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  • Lab Safety / Lab Safety Management Certificate

    Culture of Safety

    Safety Curriculum

    Safety Culture

    Safety culture can be thought of simply as how we do safety around here. Clearly, there is more to it such as group norms and behaviors. Culture has many advantages over compliance-driven approaches. Safety culture starts at the top by leaders setting examples, being present, and caring for everyone’s wellbeing. A well led team will follow.

    Managing for Safety and Risk Effectiveness

    An effective leader instills and facilitates psychological safety which enables everyone to be effectively heard. A complementary technique is safety management by walking around. In addition to leaders, teams benefit from safety management systems (prescribed methods) and standards (set by non-governmental entities). True learning organizations that learn from their mistakes benefit greatly from these strategies.

    Metrics and Key Performance Indicators (KPIs)

    To borrow and bend a quote, what we choose to measure, matters. We can measure lagging indicators, like injuries, leading indicators, like risk assessments, or both. It is challenging to decide what objectives and key results, and key performance indicators to collect, measure, track, report, emphasize, and manage toward. This course will help you decide which ones, why, and how best to do so.

    Materials and Substance Tracking

    Materials move in and out of labs on a daily basis. These include chemicals, biologicals, and many other substances, equipment, and supplies. The scientific process changes many of these things along the way. This is often what is described in greater detail as the life cycle. As part of sustainability efforts, we often track what goes in and what comes out in an effort to reduce consumption, waste, and carbon footprint.

  • Lab Safety / Lab Safety Management Certificate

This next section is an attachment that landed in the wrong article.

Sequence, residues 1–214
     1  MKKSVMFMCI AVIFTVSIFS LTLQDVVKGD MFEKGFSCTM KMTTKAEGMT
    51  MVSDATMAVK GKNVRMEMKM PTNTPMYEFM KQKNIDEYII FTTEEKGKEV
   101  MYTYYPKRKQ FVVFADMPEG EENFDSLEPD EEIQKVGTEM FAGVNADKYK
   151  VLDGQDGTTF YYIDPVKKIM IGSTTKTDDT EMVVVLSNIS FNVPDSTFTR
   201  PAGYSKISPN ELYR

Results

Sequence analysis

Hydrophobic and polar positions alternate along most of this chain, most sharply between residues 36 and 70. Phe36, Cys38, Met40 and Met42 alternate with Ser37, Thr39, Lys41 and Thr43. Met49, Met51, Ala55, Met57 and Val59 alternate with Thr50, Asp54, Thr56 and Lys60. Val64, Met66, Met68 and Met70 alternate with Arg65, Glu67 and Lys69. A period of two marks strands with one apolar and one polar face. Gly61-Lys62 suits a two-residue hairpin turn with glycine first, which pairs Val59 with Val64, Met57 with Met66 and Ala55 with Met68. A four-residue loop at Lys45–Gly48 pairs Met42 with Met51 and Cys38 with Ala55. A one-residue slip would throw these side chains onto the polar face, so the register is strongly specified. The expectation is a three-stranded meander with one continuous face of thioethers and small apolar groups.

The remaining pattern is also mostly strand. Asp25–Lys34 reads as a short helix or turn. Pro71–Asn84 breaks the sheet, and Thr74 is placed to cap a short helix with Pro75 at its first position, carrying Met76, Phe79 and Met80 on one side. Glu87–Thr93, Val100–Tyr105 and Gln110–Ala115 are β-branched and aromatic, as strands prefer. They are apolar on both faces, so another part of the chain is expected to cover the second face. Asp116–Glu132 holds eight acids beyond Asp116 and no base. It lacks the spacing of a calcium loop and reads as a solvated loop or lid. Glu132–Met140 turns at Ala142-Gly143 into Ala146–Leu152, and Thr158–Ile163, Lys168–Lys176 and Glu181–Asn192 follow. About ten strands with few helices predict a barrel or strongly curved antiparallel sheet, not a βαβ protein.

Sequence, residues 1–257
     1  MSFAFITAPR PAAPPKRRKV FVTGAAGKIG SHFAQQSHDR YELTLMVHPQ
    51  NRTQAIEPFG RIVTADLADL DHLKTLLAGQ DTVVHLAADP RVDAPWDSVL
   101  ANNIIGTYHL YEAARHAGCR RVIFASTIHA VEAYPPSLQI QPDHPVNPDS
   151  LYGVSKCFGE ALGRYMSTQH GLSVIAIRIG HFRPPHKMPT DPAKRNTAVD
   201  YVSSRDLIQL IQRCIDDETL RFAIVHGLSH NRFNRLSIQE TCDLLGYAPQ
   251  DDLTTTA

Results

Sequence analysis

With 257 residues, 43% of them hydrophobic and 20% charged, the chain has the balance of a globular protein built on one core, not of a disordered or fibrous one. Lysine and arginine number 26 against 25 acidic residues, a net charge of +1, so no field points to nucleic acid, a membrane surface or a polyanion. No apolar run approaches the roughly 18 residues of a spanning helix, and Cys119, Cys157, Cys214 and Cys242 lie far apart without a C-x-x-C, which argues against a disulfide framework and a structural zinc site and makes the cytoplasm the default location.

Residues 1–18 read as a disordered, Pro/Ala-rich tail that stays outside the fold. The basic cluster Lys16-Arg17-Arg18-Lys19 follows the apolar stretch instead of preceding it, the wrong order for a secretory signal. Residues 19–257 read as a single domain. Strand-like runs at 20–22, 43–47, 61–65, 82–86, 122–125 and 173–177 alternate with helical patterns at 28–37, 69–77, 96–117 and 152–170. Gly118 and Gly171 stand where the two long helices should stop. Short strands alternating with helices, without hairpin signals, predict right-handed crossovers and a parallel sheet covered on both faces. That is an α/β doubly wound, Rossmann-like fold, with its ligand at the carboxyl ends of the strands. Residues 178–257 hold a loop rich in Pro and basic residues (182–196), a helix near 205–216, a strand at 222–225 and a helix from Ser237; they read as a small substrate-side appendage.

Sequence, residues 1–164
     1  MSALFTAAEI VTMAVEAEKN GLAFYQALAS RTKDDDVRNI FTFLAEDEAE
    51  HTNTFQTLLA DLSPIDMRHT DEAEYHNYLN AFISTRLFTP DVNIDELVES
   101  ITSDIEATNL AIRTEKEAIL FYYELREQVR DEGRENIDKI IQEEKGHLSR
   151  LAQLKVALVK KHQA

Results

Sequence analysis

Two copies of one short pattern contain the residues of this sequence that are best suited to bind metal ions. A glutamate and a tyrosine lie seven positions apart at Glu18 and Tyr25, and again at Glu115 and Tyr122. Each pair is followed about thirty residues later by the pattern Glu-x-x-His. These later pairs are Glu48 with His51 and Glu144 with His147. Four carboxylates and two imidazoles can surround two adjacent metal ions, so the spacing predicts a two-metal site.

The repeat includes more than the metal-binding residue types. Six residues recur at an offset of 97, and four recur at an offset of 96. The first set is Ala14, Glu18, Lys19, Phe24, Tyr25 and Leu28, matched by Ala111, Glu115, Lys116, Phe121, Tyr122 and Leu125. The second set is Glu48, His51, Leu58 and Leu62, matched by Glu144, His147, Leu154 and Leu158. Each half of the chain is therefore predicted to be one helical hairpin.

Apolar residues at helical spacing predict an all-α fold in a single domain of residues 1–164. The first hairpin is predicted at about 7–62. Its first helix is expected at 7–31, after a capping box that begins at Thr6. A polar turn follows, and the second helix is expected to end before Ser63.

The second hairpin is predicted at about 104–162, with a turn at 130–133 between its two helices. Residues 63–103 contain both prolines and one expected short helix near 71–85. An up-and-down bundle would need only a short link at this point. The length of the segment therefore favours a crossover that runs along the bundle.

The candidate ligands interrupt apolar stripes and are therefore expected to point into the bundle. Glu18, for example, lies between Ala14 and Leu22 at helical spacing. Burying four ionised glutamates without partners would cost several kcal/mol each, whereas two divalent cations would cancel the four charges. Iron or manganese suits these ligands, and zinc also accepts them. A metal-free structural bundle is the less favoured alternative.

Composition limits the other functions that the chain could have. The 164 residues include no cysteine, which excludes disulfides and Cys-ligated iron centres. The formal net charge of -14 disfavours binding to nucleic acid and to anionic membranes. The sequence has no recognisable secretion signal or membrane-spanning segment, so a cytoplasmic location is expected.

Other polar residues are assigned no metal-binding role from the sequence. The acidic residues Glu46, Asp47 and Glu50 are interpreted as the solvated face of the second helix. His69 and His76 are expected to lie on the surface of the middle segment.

Safety Curriculum

    Risk Assessing and Characterizing

    Risk is a human construct helping us stay safe and alive. There is so much more to risk than the simple equation, risk equals severity times exposure times probability [R = S x E x P]. There are many tools and techniques to help us determine risk. One used in labs is called RAMP. We'll explore all of this and more.

    Risk Communication and Decision-Making

    Sometimes, odd perceptions of risk drive our decision-making or what is called, “judgment under uncertainty”. Our affective risk system drives decisions over our analytical one. Similarly, our fast thinking makes many decisions in the moment. Communicating all of this and our perceptions is a challenge.

    Risk Management and Mitigation

    Once we’ve decided we have significant risk and assessed it properly, we need to determine some suitable and adequate means to mitigate or reduce our risks. As we detailed in our Technical Topics stream of courses, the hierarchy of controls is the primary means by which we decide how and in what order to implement hazard control methods. We always want to control the hazard, as much as possible, before it reaches us. Hint: PPE isn't at the top of the order.

    Life Safety

    If there is one risk that we all face together, it's a fire. Life safety is mostly about fires, exits, chemical maximum allowable quantities, building codes, and walking and working surfaces. Other chemical hazards are covered in the chemical hygiene course. This course is about helping everyone get out alive.